- 01/07/2014 at 9:51 pm #1825
I am new to cheesemaking but I wanted to make a cheese cave from a domestic fridge without touching or modifying any of the standard thermostats/wiring.
I finally found this TIMETOP 200-240V Digital Temperature Controller Thermocouple -40 °C to 120 °C with Sensor” target=”_blank”>http://www.amazon.co.uk/gp/product/B00CMA2IN8/ref=oh_aui_detailpage_o03_s00?ie=UTF8&psc=1 on Amazon.co.uk
This little device allows you to set a temperature and then switches the power on and off within a preset threshold of that temperature.
I wired a plug, via length of cable, to the device and then wired the output to a socket into which I plugged the fridge.
I set the temperature to 13 deg C and located the temperature sensor inside the fridge.
Bingo! The temperature is maintained between 12 degs C and 14 degs C. If I want to use another fridge I just unplug – relocate – plug in and Bingo! once again.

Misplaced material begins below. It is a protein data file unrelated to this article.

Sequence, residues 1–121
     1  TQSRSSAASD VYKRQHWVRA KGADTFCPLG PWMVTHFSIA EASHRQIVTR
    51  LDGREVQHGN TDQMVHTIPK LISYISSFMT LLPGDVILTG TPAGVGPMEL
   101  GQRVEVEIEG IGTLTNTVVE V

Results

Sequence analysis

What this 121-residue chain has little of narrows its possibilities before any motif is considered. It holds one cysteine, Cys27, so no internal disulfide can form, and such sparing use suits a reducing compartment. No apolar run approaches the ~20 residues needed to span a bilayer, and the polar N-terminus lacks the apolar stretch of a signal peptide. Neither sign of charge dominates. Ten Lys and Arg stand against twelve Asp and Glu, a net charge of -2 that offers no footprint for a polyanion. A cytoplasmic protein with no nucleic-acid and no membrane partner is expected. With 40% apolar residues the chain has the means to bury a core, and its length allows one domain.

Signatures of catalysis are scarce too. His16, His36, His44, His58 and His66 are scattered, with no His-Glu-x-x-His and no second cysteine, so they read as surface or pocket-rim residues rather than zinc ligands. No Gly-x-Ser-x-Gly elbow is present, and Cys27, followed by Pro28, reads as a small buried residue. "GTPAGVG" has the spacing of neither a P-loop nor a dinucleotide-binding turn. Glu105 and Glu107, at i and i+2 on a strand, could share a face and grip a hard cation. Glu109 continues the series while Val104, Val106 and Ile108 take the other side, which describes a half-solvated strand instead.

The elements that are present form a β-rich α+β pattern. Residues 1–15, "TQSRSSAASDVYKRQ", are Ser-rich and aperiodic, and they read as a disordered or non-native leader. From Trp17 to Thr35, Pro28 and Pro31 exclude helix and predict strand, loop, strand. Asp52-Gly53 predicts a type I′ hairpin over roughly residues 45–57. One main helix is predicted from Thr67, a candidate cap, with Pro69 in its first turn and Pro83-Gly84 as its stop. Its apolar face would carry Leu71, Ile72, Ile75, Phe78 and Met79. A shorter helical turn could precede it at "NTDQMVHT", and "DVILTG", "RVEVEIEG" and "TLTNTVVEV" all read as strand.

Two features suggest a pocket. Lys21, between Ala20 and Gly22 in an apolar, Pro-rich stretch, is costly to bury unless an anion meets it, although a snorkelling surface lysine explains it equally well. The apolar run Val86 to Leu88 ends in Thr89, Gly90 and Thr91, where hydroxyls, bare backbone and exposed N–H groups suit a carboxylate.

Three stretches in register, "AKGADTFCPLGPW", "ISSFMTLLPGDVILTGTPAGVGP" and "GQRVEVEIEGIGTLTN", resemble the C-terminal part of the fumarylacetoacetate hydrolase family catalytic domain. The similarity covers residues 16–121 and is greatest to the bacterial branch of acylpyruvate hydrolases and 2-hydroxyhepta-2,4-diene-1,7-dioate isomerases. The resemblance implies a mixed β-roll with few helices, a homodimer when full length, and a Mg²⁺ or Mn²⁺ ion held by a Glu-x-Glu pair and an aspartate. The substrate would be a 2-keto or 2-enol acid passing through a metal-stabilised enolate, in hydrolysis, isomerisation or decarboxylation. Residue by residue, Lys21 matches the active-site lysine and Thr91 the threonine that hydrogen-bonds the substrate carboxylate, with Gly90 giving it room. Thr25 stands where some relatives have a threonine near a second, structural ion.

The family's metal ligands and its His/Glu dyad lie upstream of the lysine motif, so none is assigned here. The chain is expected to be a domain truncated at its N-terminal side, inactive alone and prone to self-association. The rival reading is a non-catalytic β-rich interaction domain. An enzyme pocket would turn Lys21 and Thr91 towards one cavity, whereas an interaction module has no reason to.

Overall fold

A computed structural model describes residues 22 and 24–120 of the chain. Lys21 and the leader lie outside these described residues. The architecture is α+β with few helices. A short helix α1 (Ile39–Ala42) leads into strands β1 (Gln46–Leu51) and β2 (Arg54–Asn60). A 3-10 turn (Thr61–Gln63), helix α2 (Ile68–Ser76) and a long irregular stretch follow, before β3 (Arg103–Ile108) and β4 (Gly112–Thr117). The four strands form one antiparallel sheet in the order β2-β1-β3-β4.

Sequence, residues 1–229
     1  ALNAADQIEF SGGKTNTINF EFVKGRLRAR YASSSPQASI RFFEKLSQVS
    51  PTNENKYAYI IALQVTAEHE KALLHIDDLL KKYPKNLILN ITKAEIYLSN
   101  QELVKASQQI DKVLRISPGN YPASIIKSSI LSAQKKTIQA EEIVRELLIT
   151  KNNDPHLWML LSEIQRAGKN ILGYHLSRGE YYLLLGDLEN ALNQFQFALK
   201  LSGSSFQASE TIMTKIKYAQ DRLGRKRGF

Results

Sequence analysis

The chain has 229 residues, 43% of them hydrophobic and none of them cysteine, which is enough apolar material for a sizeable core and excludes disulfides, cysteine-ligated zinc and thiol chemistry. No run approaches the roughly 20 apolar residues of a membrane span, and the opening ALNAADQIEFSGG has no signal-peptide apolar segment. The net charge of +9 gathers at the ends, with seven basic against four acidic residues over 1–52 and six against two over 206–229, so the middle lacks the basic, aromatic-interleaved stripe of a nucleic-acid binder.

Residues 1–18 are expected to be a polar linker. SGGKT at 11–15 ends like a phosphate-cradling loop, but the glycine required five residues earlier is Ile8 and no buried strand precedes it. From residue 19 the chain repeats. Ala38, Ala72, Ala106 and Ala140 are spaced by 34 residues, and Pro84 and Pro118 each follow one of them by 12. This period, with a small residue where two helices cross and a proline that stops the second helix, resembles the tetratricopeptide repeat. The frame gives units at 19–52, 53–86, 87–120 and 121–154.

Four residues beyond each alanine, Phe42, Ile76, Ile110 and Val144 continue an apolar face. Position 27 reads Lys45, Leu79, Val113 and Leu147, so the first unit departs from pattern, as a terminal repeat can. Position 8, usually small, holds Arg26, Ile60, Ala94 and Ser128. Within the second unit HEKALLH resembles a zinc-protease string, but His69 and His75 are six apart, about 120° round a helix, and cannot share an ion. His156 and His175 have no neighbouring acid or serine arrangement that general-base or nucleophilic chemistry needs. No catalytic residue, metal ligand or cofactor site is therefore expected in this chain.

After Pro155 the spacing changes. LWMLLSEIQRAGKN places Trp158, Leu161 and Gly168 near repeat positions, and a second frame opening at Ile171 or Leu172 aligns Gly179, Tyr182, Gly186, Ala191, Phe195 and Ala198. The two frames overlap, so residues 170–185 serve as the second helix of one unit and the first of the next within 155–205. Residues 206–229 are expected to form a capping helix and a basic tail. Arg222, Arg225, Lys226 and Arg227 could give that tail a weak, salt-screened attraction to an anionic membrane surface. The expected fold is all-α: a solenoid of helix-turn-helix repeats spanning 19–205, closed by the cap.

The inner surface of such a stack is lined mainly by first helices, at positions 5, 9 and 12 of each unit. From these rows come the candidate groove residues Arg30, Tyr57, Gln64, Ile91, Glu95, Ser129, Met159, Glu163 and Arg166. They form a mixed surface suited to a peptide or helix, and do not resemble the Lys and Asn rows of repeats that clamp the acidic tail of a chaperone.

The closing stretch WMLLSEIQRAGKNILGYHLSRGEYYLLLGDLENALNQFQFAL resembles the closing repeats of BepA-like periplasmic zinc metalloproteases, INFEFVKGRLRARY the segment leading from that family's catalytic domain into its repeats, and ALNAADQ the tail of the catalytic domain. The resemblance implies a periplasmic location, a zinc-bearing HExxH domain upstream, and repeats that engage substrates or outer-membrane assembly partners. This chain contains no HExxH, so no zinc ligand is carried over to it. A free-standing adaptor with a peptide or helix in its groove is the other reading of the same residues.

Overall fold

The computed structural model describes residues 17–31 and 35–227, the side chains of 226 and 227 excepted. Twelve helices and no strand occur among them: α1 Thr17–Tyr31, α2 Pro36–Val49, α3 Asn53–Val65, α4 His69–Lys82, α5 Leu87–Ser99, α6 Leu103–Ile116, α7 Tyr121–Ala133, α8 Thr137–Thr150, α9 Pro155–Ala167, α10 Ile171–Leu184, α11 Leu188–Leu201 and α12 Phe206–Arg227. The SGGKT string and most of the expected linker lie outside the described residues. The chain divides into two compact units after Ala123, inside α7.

Of course the inside light does not come on unless the device has switched on.05/07/2014 at 7:00 am #1857
Thank-you Roger B for your helpful post; I was wondering how on earth I could convert an old fridge for a cheese cave without too much technical know-how!05/07/2014 at 7:07 am #1858
PS is it possible to post a picture of your setup please?06/07/2014 at 4:08 am #1860
mkinson – I’m sure it’s possible — it’s just that I’m not sure how — guidance would be appreciated.16/08/2014 at 5:02 pm #1907
Take a photo – make sure it is not too big then click on the “Choose File” button at the bottom of the Post area and select your photo as the file to attach.16/08/2014 at 5:08 pm #1908
There is a simpler device available if you are in NZ or Aus.
No wiring required – plug and play!
I have just ordered on so will post a photo of mine in-situ when it arrives in a week or so16/08/2014 at 7:55 pm #1910
Thanks Christine – let’s see if it works.
Attachments:25/08/2014 at 1:10 am #1924
click on “cheese cave controller” to open
I also got another controller to maintain the milk temp spot on during processing no need to move the milk from sink or off the warmer etc………..23/01/2015 at 6:34 pm #2045